The cost of liability-only car insurance in Indiana

Indiana drivers can purchase minimum-liability car insurance for an average of $69 per month.

Yet rates vary among insurance companies, and the details from your application could also affect your premiums. Therefore, it’s smart to shop around and compare quotes from insurance companies in your area.

The below rates are estimated rates current as of: Thursday, February 1 at 11:00 AM PST
Insurance CompanyAverage Monthly Quote
Auto-Owners28
State Farm29
USAA31
GEICO32
American Family43
Clearcover44
Progressive55
Travelers58
National General58
Farmers61
Dairyland63
Allstate69
Direct Auto69
GAINSCO70
Midvale Home & Auto70
Safeco71
The General76
Nationwide76
Liberty Mutual77
Elephant78
CSAA91
Bristol West94
State Auto104
Foremost113
AssuranceAmerica114
Disclaimer: Table data sourced from real-time quotes from Insurify's 50-plus partner insurance providers and quote estimates from Quadrant Information Services. Actual quotes may vary based on the policy buyer's unique driver profile.

The cost of full-coverage car insurance in Indiana

Full-coverage car insurance provides you with more financial protection in the event of an accident — even accidents that are your fault. In addition to collision coverage, which can cover your vehicle when you’re in an accident with another vehicle or object, full coverage includes comprehensive coverage. This type of insurance could protect you from losses resulting from vandalism or theft and natural disasters like hail or floods.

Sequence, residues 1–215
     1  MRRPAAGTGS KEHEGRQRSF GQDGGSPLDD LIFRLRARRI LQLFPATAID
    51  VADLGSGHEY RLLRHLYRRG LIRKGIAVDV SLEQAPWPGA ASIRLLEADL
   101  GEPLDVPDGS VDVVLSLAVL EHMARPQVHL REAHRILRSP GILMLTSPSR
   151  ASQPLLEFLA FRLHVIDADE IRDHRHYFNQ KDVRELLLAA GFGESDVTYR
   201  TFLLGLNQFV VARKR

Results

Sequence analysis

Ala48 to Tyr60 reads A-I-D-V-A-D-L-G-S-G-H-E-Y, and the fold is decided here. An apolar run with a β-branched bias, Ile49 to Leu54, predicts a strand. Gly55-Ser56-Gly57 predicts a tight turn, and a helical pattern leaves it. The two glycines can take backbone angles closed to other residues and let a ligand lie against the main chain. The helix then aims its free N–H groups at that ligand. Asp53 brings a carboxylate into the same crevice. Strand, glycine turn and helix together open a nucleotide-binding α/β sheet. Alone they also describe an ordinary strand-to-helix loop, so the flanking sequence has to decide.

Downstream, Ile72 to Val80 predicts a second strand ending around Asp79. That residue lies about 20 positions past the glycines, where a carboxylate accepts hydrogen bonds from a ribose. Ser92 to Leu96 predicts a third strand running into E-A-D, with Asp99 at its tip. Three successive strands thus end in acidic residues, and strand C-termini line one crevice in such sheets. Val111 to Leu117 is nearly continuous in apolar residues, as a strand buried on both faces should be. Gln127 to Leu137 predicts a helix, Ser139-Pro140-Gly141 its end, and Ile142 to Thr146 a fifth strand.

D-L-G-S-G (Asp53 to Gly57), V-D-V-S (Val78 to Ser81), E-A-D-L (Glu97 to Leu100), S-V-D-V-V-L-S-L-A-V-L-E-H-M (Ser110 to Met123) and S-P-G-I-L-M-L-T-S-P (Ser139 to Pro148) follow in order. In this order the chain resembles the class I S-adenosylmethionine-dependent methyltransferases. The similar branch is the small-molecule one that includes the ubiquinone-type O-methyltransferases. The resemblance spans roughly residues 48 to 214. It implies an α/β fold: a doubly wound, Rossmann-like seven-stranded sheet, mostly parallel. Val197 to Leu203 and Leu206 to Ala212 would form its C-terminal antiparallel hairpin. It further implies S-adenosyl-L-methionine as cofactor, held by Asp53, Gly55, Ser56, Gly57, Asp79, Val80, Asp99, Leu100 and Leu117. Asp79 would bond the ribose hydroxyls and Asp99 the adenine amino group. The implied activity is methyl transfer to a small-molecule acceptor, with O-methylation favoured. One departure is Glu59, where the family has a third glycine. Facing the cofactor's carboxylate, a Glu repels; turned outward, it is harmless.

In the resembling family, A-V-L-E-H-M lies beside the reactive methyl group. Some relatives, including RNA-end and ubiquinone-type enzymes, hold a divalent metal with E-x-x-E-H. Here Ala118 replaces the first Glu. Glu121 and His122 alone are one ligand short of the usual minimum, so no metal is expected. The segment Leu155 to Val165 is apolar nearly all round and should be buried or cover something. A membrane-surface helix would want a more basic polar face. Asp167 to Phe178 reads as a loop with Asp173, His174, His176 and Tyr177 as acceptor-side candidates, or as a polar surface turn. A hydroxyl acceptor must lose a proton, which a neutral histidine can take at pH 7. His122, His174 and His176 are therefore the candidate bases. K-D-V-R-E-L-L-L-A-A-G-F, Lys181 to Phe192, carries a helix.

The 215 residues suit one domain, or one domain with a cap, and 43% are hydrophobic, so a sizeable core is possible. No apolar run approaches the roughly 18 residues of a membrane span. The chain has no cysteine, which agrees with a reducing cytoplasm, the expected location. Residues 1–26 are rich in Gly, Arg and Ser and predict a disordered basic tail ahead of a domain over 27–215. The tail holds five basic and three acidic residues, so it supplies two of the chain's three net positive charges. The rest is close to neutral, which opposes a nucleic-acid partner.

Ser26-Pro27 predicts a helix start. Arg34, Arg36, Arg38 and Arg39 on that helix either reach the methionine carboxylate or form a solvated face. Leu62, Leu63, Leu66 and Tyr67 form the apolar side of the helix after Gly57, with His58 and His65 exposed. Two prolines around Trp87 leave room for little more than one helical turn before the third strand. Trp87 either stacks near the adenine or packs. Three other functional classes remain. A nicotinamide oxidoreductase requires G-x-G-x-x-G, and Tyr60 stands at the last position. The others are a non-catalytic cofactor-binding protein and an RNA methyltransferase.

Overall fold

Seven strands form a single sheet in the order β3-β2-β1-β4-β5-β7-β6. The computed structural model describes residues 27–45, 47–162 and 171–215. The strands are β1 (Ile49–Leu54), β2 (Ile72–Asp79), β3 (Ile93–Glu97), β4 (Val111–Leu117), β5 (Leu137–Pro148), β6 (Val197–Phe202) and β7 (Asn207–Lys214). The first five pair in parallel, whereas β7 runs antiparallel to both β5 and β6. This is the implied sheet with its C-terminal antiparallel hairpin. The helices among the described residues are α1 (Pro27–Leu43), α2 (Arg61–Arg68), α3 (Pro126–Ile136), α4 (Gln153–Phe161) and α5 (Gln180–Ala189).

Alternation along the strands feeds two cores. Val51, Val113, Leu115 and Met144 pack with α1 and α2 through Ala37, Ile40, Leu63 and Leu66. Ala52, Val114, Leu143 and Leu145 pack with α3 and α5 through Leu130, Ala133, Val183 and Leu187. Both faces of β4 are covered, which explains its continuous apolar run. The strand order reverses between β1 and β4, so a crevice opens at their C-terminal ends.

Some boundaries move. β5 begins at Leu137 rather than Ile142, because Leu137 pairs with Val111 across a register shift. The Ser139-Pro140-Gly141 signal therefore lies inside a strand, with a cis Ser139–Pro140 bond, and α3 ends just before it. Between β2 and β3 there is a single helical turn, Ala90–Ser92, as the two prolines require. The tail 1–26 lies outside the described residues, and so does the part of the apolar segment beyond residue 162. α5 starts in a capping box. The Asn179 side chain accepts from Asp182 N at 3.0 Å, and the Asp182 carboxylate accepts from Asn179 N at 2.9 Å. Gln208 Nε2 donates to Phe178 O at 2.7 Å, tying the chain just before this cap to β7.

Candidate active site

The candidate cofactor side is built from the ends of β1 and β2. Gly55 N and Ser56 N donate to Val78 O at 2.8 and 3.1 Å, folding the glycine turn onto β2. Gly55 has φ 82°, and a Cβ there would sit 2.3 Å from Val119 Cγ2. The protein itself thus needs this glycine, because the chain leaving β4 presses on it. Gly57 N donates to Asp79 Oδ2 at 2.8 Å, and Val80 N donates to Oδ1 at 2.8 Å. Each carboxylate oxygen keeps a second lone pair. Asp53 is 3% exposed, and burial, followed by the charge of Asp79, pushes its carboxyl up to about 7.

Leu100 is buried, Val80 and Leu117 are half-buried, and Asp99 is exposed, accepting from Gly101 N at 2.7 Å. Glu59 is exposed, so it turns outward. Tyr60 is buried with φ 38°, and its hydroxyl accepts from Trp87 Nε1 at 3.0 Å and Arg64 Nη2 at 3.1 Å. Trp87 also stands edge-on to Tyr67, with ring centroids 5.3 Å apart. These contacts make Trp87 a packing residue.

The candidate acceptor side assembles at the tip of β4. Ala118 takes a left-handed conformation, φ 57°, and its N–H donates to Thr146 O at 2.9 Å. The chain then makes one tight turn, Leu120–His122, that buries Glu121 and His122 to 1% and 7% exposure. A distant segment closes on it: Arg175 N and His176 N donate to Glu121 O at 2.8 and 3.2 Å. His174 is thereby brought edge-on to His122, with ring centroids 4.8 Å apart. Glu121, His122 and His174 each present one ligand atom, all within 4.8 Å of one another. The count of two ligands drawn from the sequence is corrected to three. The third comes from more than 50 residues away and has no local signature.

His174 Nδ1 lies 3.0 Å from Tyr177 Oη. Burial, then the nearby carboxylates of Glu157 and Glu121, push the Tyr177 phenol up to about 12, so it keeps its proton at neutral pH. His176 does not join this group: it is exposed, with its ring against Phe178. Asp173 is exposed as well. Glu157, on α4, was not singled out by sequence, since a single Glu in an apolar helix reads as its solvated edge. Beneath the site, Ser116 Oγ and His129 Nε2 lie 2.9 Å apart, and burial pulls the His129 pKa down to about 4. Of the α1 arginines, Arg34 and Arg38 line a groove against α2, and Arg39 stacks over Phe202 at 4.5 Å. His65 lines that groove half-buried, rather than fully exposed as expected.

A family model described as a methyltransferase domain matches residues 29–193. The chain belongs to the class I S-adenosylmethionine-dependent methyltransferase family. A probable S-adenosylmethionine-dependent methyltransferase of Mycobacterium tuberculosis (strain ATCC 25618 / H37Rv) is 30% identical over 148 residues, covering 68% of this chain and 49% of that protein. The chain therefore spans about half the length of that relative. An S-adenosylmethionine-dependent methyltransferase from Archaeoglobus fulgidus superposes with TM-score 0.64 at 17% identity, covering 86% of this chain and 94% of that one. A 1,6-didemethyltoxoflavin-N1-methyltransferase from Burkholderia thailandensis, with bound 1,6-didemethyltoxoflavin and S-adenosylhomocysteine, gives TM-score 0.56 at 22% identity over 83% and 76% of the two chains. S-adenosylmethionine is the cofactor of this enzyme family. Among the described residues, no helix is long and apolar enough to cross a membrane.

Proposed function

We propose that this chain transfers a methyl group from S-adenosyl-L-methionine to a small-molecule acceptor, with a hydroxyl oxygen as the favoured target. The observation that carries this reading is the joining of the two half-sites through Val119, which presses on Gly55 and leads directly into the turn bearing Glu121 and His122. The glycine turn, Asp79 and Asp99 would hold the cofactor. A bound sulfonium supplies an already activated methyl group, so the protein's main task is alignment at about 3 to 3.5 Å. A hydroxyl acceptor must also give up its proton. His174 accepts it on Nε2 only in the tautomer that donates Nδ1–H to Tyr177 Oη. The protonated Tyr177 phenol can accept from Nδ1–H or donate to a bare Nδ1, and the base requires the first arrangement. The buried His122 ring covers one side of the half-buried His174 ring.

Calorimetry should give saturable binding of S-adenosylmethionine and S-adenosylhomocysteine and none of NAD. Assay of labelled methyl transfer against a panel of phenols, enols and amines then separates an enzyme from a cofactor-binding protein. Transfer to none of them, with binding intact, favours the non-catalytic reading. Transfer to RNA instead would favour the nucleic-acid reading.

Drivers in Indiana pay an average of $137 for full-coverage insurance. However, it’s smart to shop around and compare rates from different insurance companies to make sure you get the best deal available for the type of coverage you want.

The below rates are estimated rates current as of: Thursday, February 1 at 11:00 AM PST
Insurance CompanyAverage Monthly Quote
Auto-Owners52
State Farm55
USAA58
Clearcover60
GEICO61
American Family81
Travelers93
Progressive102
Direct Auto102
Midvale Home & Auto110
Nationwide113
Farmers113
Elephant115
GAINSCO122
National General123
Allstate129
Safeco130
AssuranceAmerica157
CSAA162
Dairyland167
The General168
Liberty Mutual168
Bristol West199
State Auto208
Foremost223
Disclaimer: Table data sourced from real-time quotes from Insurify's 50-plus partner insurance providers and quote estimates from Quadrant Information Services. Actual quotes may vary based on the policy buyer's unique driver profile.

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Penalties for driving without proof of insurance in Indiana

Indiana doesn’t take it easy on drivers who get caught operating a vehicle without insurance. The Indiana Bureau of Motor Vehicles (BMV) may request proof that drivers have current minimum liability insurance at any time.

The Indiana BMV is required to request proof of insurance under several circumstances. So, if you’re ever in an auto accident or a serious traffic violation, there’s a chance you might have to submit proof of insurance to the BMV.[1]

If the BMV sends you a request for proof of insurance, it’s important to notify your insurance company right away. Your insurance company must send the BMV proof of your current insurance policy within 90 days. This is called a certificate of compliance, or COC.

Below are some consequences you could face if you don’t provide proof of insurance to the Indiana BMV upon request: